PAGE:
Is a hidden cost lurking in your facility?
If your company is like most companies, you’re spending significant—and unnecessary—money on rental equipment. And that cost is flying under the radar.
While practically every facility needs rental equipment occasionally, rentals should be a short-term solution. But, once rentals are on site, they often get lost in the mix. The supply chain crisis only compounded this issue, since rentals spiked as companies waited months for equipment.
When TFS takes on new clients, we always conduct a baseline assessment to understand the client’s current situation and needs. One thing TFS executives have noticed is a surge in long-term rental equipment. That results in a substantial—and essentially untracked—cost.
“People tend to forget that rentals are two to three times more costly than a lease,” said Nate Josic, Regional Vice President at TFS. “And what happens often is that a warehouse manager sources a rental to fill an immediate gap, but that forklift gets forgotten. As a result, the company pays for it much longer than originally intended.”
Common billing processes make it surprisingly easy for forklift rentals to fall off a company’s radar. For example, new purchases typically go through a formal capital approval process. That means specific purchase orders (POs) are set up monthly to pay for new asset purchases; those POs are subsequently tracked in the SAP or payable systems, which keeps everyone in the loop. In contrast, rentals are typically combined on a blanket PO with other short-term maintenance requests, leaving them to accrue monthly expenses until someone takes notice.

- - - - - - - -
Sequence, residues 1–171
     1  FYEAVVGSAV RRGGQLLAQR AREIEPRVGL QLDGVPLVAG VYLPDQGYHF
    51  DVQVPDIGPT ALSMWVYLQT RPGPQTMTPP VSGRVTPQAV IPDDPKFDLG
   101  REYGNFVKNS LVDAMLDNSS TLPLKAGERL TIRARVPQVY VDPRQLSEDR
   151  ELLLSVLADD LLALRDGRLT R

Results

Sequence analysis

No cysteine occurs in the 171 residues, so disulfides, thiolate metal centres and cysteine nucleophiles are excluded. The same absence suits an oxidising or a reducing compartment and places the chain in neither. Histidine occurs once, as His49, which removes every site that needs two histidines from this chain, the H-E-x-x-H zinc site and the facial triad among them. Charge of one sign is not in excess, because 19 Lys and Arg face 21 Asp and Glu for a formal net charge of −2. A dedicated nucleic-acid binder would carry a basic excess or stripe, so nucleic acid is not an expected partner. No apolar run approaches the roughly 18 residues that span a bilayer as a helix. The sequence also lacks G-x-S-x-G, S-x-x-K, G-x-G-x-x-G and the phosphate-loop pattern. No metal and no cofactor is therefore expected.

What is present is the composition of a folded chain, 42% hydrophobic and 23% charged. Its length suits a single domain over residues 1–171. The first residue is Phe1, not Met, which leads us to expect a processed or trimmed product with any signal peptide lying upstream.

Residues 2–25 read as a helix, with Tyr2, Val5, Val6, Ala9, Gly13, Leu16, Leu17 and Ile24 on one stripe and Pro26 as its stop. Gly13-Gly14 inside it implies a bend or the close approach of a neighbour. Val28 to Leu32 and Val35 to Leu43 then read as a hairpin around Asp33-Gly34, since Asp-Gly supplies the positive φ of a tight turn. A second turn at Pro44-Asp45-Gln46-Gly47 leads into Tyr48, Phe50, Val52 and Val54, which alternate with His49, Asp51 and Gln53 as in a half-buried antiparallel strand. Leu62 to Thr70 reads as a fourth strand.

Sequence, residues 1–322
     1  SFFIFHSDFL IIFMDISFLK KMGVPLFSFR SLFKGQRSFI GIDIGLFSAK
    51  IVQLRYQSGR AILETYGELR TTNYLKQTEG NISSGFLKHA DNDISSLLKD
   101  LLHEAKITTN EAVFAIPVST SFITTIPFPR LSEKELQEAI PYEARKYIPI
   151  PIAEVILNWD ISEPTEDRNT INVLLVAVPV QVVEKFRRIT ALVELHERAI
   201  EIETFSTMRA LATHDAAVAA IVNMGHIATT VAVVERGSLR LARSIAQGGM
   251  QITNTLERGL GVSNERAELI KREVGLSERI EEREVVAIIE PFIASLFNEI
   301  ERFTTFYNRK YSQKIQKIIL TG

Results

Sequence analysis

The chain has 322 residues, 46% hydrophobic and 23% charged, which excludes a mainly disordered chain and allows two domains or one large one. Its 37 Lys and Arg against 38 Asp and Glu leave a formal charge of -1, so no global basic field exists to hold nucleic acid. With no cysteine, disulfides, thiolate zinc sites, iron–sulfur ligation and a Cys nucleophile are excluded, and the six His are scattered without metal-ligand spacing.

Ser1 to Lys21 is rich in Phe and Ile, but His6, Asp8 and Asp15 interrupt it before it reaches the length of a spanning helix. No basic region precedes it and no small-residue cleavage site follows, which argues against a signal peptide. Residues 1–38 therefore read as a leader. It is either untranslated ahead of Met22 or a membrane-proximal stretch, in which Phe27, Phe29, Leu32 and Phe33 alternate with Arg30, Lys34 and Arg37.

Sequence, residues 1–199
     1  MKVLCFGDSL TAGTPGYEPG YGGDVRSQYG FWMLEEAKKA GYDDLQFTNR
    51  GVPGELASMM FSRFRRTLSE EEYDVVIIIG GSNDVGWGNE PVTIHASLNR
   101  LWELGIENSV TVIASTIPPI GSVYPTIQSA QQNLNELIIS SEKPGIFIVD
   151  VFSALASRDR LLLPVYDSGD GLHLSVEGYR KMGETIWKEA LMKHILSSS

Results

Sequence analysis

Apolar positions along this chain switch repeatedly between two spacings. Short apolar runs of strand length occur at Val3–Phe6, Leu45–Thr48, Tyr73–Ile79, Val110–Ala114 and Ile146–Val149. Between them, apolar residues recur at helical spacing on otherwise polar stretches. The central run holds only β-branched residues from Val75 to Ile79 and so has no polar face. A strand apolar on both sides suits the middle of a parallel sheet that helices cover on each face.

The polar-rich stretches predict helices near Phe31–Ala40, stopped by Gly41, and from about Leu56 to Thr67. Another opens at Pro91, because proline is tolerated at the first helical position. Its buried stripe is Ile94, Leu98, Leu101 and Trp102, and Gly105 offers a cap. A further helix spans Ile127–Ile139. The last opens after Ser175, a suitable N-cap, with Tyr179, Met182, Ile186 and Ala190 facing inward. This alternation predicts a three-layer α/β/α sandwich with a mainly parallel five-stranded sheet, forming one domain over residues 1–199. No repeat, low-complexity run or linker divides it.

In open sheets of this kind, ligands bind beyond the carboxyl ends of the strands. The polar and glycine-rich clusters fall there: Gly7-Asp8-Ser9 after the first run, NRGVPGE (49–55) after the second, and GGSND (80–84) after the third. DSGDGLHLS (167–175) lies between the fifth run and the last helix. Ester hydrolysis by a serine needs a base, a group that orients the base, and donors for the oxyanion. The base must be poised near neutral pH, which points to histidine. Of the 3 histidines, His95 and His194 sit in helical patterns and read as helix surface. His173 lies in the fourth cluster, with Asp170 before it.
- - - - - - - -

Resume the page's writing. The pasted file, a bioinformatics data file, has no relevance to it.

“It’s common for facilities to bring in a rental and use it for a month or two, then completely lose track of the payments. That’s because it gets billed against a blanket PO versus a specific purchase order created for an asset for a limited period of time,” explained Josic. “Because of that process difference, companies are not only losing track of how long an asset’s been at their facility, but they are also losing visibility into how much they’ve paid over time.”
Without adequate fleet management and tracking, he continued, it’s easy for warehouse teams to forget how long rentals have been part of their fleet. What’s more, until someone on the finance team finally takes notice, it can be tempting to let the arrangement stand rather than begin the lengthy procurement process.
“Eventually, those ‘lost’ rentals do fall on someone’s radar, but where do you go from there after it’s been six months and that piece of rented equipment becomes a necessity to the operation?” asked Josic. “Going through that buying or leasing process takes a lot of time and effort that most companies aren’t willing to spend unless they’re mandated to, so what often happens is the rental stays on, and the costs keep adding up.”
Rethinking the rental approach
Rentals can be effective in bridging short-term needs. Nevertheless, there is a benefit to taking a step back and asking a few questions before making the call. Consider the following:
How long will my company need this forklift?
This is the first and most basic question. Does current and future volume warrant the need for this equipment? If it’s a long-term need, can you get a discount? Does the current volume make this rental a necessity? If not, it may make more sense to return it and save the expense.